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10 Tips for Your Next Restoration

Thinking about tackling a new project? Moss has some tips to turn those thoughts into success. As Home Depot says, you can do it, we can help. Summer is closer than you think, so now is the time to start preparing for those late-night cruises and fun weekends spent with family, friends and a great British classic.

1. HAVE A PLAN: Before you even pick up a wrench or place that first order, do you have a rough idea of where the project is heading? Will it be a full restoration, or just a quick fix to get a car back on the road? The better the initial plan, generally the better the final product.

2. Know the Rules: Whether your ride will be a street car, race machine or concours star, there are rules to be followed, so make sure you know them up front. Depending on the city and state, street cars have to meet specific standards regarding emissions and safety equipment. No matter what the sanctioning body, all race cars are bound by volumes of rules. Even if it’s going to be a show car, there are standards to meet regarding originality.

Keep your goals realistic. Sure, maybe you’d like to do a frame-off, ground up restoration, but the fact that you work 60-hour weeks means that a simpler path to summer drives is more prudent.

3. Be Reasonable: Don’t bite off more than you can chew. Your daily schedule and workplace can dictate the pace and scope of the project. Keep your goals realistic. Sure, maybe you’d like to do a frame-off, ground-up restoration, but the fact that you work 60-hour weeks means that a simpler path to summer drives is more prudent. If the body is okay, for example, why not just get the mechanical bits up to snuff and enjoy a little patina?

4. Budget Wisely: Create a realistic budget for time, money and workspace—and then add in a fudge factor since projects always seem to devour more of all three than planned. For a list of the needed parts and their current prices, your Moss Motors catalog is your best friend.

5. Keep Subassemblies Together: When it’s time to start the project, there’s an urge to disassemble the entire car. Don’t. Keep the major subassemblies bolted together until you’re ready to tackle that part of the project. First, the method saves space in the garage. Second, you won’t forget how the brakes go back together while you spend a few months redoing the engine and interior.
6. Know the Catalog: Even though our classics left the showrooms decades ago, there are constant releases of new replacement parts. Before you spend hours restoring a tattered part or dismiss a project as impossible, consult the Moss Motors catalogs. You might be surprised how often new parts are added to the ever-expanding lineup.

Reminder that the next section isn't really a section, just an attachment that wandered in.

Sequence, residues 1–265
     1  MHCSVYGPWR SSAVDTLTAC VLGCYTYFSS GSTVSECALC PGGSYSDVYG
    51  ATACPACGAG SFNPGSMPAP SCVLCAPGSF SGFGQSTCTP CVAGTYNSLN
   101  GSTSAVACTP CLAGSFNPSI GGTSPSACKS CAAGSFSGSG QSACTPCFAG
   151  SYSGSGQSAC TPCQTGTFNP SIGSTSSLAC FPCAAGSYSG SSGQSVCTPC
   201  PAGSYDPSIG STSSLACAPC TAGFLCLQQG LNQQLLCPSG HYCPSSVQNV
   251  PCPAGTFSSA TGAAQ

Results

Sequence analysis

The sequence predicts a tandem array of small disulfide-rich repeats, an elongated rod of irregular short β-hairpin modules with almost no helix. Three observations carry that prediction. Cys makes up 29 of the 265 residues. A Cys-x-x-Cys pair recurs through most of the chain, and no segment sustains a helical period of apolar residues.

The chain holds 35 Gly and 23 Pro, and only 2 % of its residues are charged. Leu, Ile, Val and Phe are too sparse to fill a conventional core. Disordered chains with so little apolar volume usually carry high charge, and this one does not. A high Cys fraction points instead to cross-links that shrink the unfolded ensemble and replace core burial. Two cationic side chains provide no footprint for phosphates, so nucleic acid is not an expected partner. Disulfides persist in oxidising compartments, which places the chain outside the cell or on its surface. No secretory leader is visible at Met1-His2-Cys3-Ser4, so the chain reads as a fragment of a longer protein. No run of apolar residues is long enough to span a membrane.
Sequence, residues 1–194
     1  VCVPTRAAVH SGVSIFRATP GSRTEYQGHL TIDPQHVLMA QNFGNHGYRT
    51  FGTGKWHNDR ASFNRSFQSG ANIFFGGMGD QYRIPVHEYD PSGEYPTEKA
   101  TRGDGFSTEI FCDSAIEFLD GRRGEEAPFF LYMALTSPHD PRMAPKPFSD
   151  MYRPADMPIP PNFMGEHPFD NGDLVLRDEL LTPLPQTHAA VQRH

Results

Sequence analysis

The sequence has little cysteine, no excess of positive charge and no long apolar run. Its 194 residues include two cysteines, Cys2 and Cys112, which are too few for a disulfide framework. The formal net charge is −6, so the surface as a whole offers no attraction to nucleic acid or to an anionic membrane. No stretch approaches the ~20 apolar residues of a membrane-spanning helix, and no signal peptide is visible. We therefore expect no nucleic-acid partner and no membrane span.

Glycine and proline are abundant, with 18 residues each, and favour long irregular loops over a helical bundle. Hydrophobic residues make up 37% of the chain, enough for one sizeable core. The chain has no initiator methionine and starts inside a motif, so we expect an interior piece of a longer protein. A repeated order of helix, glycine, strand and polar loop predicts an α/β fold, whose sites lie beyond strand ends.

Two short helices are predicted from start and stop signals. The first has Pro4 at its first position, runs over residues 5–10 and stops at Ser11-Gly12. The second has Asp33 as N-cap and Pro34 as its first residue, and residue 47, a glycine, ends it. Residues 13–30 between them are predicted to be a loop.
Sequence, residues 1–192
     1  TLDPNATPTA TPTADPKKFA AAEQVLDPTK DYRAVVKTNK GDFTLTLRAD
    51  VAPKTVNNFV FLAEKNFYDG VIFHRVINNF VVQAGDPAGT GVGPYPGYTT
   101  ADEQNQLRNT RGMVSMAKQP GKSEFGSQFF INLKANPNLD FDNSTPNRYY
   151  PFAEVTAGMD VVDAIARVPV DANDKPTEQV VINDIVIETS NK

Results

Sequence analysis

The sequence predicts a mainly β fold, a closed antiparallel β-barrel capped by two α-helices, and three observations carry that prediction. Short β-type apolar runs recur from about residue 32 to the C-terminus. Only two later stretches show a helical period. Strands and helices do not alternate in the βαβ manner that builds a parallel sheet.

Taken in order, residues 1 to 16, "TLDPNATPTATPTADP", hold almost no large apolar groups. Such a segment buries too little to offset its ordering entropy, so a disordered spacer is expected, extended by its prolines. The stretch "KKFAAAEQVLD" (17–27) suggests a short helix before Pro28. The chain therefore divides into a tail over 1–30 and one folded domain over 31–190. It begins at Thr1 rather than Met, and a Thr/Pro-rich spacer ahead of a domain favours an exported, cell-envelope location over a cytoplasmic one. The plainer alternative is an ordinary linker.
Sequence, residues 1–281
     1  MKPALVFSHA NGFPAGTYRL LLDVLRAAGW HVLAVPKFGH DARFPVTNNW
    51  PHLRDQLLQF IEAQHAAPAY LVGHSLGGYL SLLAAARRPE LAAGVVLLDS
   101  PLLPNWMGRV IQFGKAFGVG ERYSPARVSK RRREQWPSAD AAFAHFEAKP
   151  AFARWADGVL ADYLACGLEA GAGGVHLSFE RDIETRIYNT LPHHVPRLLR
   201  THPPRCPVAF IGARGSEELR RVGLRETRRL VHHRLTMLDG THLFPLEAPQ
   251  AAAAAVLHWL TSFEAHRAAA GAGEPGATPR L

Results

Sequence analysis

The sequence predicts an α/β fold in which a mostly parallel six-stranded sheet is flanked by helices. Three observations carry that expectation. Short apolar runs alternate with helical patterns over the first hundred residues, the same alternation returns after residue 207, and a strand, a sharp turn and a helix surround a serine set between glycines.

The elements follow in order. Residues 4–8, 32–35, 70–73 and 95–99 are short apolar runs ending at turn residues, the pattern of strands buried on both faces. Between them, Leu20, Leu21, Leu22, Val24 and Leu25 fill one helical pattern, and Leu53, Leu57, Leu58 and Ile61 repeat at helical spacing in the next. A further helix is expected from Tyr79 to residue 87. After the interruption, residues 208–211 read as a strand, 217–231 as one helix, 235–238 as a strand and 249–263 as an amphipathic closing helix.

7. Regularly Work on the Car: A stalled project is a doomed project. Set a regular schedule for working on the car. If you just have an hour per night to work in the garage, only plan jobs that take an hour. And if you get stuck, seek help from a trusted friend or local pro. Don’t let one roadblock stop the entire project.

8. Make it Social: There’s no reason to do this all alone—get your friends and family involved. Even if they’re new to this, there are plenty of easier jobs available that make great starter projects: buffing, bead-blasting, or just cleaning up the workspace. Even if they don’t have any interest in getting their hands dirty, sometimes a little companionship in the garage goes a long way. Remember, family time doesn’t have to always occur at the kitchen table or in front of the TV.

9. Have a Goal: Having a definite deadline can help keep the project on schedule and make it reasonable. While planning to take a just-restored car on a 1,000-mile rally might result in some sleepless nights, getting the car drivable enough to attend a local British car day or cruise-in might be more realistic.

10. Fine-Tune: Most projects come up a little short because they’re not properly sorted out once they’re put back together. Leave some time and money in the budget for testing and fine-tuning, either by you or a shop. Consider professional dyno testing so you can check readings and tweak performance to perfection. Sure, it costs a few dollars, but the money spent might make the difference between owning a cranky old car and having a purring kitten that provides years of enjoyment.

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